Home Positive parenting True Power in Parenting

True Power in Parenting

by Admin

Our Winter 2023 Issue is out now! Be sure to pick your copy up now at a health shop near you. Here we have an excerpt from the issue on True Power in Parenting by Anna Cole. 

True power – what a wonderful theme for this season’s Issue of Positive Life magazine.

What is true power in parenting? I want to back up a little here and start by telling you all about some research, a long- term ‘longitudinal’ piece of research that changed the ‘attachment’ theory world.
In the 1970s and throughout the ’80s, Mary Main, a research psychologist at the University of California, Berkeley, began interviewing parents and studying their interactions with their babies. In the study, they found that attachment rejection or trauma in a mother’s childhood could be directly related to the same sort of attachment issues between her and her child.

From this kind of attachment research, Main and her colleagues devised an interview method – the Adult Attachment Interview (AAI). This interview contained 20 open-ended questions about people’s recollections of their own childhood. While other variants of adult attachment measures have been developed, the AAI set the stage for an empirically validated way of following the transmission of attachment patterns from generation to generation – documenting a kind of psychic lineage from parent to child to grandchild. Now, I’m a parent, too, so I know that anyone who is reading this and is parenting may feel their heart sinking at this point.

You might be thinking something along the lines of, “How on earth do I have the power to change my own childhood and some of the attachment wounds, or even trauma, I received as a child so that I can pass down the line a healthier set of attachment behaviours to my children than I myself have?” Or perhaps you are one of the smaller number of securely attached parents who aren’t asking a similar question on learning about this highly influential research into attachment, and its real-life implications for parents?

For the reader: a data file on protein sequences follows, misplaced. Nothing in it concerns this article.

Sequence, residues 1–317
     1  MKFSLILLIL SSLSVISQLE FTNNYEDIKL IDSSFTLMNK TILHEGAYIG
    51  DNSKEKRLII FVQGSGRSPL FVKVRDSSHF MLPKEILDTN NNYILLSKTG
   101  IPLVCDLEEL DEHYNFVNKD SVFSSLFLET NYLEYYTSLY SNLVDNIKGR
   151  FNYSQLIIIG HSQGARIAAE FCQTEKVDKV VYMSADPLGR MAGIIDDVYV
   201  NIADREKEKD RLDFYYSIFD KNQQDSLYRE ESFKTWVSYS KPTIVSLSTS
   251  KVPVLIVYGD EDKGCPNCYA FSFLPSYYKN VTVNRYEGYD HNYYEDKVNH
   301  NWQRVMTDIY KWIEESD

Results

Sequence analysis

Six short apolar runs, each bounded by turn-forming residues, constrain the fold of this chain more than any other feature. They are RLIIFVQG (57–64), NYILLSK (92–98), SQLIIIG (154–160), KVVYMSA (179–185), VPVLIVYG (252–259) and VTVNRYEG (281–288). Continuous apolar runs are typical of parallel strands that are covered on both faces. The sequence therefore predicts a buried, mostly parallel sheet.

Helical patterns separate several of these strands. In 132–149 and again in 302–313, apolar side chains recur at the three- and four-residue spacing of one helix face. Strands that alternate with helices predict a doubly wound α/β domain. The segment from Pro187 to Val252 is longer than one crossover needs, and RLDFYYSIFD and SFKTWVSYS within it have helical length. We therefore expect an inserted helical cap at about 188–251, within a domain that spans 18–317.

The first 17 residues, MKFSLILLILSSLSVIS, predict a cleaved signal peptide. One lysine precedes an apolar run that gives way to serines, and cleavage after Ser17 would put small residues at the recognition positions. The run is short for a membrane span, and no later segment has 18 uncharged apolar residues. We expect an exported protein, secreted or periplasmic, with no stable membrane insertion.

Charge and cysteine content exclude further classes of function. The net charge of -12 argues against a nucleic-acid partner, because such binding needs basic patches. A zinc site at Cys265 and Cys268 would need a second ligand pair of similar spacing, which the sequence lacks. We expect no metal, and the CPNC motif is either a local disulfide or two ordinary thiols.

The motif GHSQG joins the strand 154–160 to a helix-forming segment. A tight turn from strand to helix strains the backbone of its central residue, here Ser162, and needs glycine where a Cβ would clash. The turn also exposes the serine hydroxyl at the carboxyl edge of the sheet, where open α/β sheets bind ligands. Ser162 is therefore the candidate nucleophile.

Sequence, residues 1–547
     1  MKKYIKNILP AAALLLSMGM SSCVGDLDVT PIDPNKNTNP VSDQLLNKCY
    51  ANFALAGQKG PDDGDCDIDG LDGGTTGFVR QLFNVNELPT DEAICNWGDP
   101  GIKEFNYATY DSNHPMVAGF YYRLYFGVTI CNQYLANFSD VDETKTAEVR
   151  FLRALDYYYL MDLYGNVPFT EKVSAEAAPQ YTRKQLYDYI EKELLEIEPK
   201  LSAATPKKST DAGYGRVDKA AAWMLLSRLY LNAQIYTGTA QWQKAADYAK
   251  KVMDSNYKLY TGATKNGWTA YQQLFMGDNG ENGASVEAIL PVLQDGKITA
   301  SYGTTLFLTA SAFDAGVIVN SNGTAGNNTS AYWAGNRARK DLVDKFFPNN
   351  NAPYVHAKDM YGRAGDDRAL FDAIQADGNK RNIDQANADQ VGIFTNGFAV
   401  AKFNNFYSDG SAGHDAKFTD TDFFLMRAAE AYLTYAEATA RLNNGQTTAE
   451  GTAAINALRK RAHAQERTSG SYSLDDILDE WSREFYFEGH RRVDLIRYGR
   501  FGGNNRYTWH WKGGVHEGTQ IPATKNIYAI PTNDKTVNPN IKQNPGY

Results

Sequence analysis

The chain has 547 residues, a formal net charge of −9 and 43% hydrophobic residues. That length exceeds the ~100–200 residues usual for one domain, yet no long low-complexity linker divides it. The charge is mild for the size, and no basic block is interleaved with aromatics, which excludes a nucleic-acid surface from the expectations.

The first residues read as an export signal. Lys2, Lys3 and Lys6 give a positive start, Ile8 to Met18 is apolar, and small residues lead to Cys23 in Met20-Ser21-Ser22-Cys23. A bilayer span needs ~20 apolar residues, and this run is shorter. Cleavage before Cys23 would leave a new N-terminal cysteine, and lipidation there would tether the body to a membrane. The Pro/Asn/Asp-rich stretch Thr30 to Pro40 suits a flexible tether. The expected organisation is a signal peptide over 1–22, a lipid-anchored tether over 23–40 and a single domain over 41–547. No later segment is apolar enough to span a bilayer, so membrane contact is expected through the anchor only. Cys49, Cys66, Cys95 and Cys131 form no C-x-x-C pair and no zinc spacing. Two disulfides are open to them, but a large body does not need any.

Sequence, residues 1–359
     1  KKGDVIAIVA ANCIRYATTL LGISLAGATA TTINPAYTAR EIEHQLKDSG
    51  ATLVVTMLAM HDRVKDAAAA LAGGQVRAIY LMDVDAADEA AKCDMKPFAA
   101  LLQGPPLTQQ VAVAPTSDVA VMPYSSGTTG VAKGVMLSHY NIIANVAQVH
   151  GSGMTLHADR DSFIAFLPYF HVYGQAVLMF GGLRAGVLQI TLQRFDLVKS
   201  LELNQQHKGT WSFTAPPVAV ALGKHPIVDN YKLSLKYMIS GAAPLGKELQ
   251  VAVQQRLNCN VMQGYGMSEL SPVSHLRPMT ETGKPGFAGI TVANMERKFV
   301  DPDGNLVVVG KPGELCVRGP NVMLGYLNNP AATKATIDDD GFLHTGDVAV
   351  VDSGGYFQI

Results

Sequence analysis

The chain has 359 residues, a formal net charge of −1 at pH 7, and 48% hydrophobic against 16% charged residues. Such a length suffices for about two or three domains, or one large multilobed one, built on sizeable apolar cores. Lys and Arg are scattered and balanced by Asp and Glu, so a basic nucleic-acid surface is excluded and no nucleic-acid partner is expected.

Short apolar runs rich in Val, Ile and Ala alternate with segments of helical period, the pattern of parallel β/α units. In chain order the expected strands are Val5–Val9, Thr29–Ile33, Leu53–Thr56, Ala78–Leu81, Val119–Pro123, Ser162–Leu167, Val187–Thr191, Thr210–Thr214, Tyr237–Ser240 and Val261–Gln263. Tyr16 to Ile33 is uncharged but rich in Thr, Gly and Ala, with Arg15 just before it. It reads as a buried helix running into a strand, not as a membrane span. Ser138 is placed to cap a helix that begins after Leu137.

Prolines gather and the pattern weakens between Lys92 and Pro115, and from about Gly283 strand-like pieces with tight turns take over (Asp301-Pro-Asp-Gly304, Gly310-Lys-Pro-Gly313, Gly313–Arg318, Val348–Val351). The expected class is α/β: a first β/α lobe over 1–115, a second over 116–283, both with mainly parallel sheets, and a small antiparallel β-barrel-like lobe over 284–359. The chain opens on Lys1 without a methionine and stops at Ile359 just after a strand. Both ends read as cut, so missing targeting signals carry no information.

Having worked with parents now for over a decade, I can confidently say there’s not a parent I have met who doesn’t feel some kind of guilt or concern about some aspect of their parenting. Maybe that’s because they are coming to seek some answers and help! Maybe I will never meet that small proportion of securely attached parents who are finding it easy to parent! But I digress.

Here’s the good news. True power in parents does not lie in having had the ‘perfect’ or even a securely attached childhood yourself.

To continue reading the full article, pick up the Winter 2023 Issue at a health shop near you!

You may also like

This website uses cookies to improve your experience. We'll assume you're ok with this, but you can opt-out if you wish. Accept Read More

Privacy & Cookies Policy